If we can not use gamma rays to detect Dark Matter what can we use? http://www.sciencedaily.com/releases/2016/02/160203110928.htm Studies by two independent groups from the US and the Netherlands have found that gamma ray signals from the inner galaxy come from a new source rather than from...
  28. Sebastiaan

    Radiation Damage In metals from Gamma rays

    From my understanding gamma rays can damage metal, making it brittle. Fortunaly, this appears to be little, but sill if you have a lot (like in p-D fusion) it becomes a serious hazard. The question is, how much? Specificly I need to know how much damange it does in compairison to Neutron...
  29. V

    Dark matter annihilation into gamma rays

    This question straddles this forum and the "Beyond the Standard Model" one a bit, so if a mentor thinks it belongs better elsewhere, please feel free to move it. I've seen references in the "popular science" press about the possibility of indirectly detecting dark matter by looking for gamma...
  30. ryanuser

    Splitting Gamma-Ray Photons: Is It Possible?

    Is there a way to split gamma-ray photons into less energetic photons? And is the opposite possible, by combining low energy photons into a high energy one?
  31. A

    Why must an electron-positron collision produce gamma rays?

    Or, more specifically, what determinates the frequency of the photons emitted by a such a collision. I know that the number of photons produced depends on the spin and energy states of the initial particles.
  32. Z

    Will electron create gamma-radiation?

    If we put cathode rod with enormouse voltage in vacuum between strong magnetic fields pointing down parallel to rod end then put electron in it with initial speed equal to speed of light and begin circling around cathode, Will electron make gamma -rays according to synchrotron radiation?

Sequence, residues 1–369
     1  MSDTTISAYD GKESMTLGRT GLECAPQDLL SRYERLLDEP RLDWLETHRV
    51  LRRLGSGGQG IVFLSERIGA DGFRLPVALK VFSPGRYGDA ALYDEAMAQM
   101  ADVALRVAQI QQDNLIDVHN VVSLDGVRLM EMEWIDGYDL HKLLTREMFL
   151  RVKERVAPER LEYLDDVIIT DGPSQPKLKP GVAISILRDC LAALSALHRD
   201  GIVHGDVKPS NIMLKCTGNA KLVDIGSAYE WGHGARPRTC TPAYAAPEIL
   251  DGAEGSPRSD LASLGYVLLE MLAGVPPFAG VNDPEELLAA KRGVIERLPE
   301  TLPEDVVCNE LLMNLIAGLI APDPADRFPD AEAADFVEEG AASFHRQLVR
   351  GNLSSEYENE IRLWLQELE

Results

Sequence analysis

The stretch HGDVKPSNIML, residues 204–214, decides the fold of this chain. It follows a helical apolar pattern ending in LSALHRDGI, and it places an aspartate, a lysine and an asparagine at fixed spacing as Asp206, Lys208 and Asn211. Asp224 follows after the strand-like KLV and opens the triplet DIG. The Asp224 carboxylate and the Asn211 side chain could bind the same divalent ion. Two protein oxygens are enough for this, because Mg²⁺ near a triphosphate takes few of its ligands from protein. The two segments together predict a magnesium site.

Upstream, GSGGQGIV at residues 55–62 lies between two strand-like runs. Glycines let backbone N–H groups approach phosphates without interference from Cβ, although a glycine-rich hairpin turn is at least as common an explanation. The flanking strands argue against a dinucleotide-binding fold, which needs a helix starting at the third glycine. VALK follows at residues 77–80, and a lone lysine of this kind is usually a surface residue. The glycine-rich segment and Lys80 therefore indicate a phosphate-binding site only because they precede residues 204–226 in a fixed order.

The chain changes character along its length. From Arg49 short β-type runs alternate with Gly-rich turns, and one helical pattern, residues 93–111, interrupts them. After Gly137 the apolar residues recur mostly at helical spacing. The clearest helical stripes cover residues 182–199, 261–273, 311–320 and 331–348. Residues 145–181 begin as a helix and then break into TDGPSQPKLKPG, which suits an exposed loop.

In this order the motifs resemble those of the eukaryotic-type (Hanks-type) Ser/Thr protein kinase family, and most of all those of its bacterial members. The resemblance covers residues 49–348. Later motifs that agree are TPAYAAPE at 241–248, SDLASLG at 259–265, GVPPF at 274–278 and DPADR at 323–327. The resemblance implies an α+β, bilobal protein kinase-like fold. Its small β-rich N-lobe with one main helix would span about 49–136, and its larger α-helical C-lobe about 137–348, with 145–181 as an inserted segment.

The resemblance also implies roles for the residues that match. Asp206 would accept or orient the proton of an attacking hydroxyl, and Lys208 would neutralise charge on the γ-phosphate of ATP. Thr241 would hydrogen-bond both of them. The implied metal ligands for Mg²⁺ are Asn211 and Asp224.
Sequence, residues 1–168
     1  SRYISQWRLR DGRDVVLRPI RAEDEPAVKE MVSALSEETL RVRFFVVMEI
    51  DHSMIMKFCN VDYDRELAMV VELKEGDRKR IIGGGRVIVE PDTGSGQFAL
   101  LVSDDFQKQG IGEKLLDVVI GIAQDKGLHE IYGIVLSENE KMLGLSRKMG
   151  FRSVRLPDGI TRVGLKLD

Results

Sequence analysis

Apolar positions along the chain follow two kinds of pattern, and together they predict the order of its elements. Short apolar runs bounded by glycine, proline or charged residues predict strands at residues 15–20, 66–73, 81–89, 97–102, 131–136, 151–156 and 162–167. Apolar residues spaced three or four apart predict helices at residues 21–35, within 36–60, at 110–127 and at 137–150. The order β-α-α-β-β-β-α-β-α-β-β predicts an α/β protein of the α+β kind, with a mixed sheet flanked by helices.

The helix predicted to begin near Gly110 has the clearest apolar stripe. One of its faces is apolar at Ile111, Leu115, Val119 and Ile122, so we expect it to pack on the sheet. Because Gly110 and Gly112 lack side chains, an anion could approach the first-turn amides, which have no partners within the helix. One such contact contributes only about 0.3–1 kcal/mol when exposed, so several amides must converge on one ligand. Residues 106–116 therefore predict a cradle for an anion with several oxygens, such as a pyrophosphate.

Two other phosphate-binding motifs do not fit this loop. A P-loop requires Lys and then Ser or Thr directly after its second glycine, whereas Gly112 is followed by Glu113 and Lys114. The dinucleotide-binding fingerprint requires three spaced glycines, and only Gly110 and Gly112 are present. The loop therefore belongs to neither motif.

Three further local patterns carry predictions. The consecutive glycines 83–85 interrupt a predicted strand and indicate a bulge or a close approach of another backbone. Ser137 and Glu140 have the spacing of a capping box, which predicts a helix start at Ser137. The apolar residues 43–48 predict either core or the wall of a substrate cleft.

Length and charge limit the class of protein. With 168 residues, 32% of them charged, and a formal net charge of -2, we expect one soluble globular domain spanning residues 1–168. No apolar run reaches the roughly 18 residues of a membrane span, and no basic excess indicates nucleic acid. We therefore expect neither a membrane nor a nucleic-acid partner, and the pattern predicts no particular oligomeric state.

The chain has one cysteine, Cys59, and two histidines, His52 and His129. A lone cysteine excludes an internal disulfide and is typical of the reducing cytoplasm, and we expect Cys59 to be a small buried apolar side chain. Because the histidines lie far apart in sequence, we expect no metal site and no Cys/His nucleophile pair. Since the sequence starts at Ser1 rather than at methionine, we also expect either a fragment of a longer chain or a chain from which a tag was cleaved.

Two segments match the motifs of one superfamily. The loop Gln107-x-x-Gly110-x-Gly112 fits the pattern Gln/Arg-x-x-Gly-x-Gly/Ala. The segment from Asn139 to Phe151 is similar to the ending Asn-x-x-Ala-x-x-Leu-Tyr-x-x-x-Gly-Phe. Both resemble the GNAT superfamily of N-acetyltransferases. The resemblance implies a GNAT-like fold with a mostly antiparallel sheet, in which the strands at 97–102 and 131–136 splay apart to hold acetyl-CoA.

33. D

    Help Solving Physics Exam Question on Gamma Rays Counting Rate

    Hi, I came across a question in an exam which I couldn't really relate to any topic of physics, that I had studied. It goes like this- A detector is used to count the number of gamma rays emitted by a radioactive source. If the number of counts recorded in exactly 20 seconds is 10000, the...
  34. T

    Gamma rays induced fission of silicon

    Hey everyone I'm new here and this is my first thread, although i have great interest in chemistry and physics my knowledge of these fields is very basic( I'm graduated in economics) so don't be surprised if i ask something that may look silly. so here are my firsts questions. -Is it...
  35. C

    Pion Decay into Gamma rays angle

    So i have a question regarding a homework question I'm working on which suggest a neutral pion traveling with velocity v decays into two gamma rays of equal theta to the normal and they of course have velocity c. It then asks to prove that v= cos theta Which kind of confuses me. I mean if...
  36. M

    Why isn't there Cosmic Visible Background Radiation from gamma rays?

    If what used to be visible light when the universe was smaller and younger has been stretched due to the Doppler effect so that it is now microwaves and detectable as the Cosmic Microwave Background Radiation that can be found everywhere, why hasn't the gamma or x-rays of the same period not...
  37. J

    What is the Physical Reason for Gamma Rays Being Absorbed?

    But high frequency are absorbed, like gamma rays. I would think it would be the opposite. So what's the physical reason?
  38. J

    So why does the atmosphere block gamma rays but not UV rays?

    Or light rays for that matter. Where does the window open in the atmosphere on the em spectrum, UV? Why is that?
  39. F

    Are Gamma Rays Always Part of Nuclear Reactions?

    Making it short : Do gamma rays ALWAYS accompany a nuclear reaction?? I was thinking, since there are only three types of radioactive decay, alpha, beta and gamma. I don't quite understand how gamma radiation will always occur. Isn't it going to be just ONE of the three types? /Help :)